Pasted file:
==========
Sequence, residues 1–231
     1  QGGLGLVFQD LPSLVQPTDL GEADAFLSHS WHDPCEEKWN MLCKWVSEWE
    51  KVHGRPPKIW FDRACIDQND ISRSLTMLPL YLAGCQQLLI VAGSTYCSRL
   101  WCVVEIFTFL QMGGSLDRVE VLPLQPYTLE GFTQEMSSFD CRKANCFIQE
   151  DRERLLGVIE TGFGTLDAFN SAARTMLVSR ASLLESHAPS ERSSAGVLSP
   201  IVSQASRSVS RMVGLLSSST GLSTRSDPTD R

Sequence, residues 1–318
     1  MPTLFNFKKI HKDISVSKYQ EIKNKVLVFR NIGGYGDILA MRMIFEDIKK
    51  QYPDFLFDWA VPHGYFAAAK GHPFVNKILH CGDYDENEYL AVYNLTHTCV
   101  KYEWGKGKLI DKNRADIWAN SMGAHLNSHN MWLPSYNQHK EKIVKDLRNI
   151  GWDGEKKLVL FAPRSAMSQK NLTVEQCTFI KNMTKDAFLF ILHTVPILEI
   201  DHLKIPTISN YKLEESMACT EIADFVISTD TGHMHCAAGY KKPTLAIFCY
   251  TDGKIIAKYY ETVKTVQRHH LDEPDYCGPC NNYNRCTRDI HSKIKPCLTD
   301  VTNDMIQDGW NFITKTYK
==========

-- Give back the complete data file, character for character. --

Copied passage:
Sequence, residues 1–231
     1  QGGLGLVFQD LPSLVQPTDL GEADAFLSHS WHDPCEEKWN MLCKWVSEWE
    51  KVHGRPPKIW FDRACIDQND ISRSLTMLPL YLAGCQQLLI VAGSTYCSRL
   101  WCVVEIFTFL QMGGSLDRVE VLPLQPYTLE GFTQEMSSFD CRKANCFIQE
   151  DRERLLGVIE TGFGTLDAFN SAARTMLVSR ASLLESHAPS ERSSAGVLSP
   201  IVSQASRSVS RMVGLLSSST GLSTRSDPTD R

Sequence, residues 1–318
     1  MPTLFNFKKI HKDISVSKYQ EIKNKVLVFR NIGGYGDILA MRMIFEDIKK
    51  QYPDFLFDWA VPHGYFAAAK GHPFVNKILH CGDYDENEYL AVYNLTHTCV
   101  KYEWGKGKLI DKNRADIWAN SMGAHLNSHN MWLPSYNQHK EKIVKDLRNI
   151  GWDGEKKLVL FAPRSAMSQK NLTVEQCTFI KNMTKDAFLF ILHTVPILEI
   201  DHLKIPTISN YKLEESMACT EIADFVISTD TGHMHCAAGY KKPTLAIFCY
   251  TDGKIIAKYY ETVKTVQRHH LDEPDYCGPC NNYNRCTRDI HSKIKPCLTD
   301  VTNDMIQDGW NFITKTYK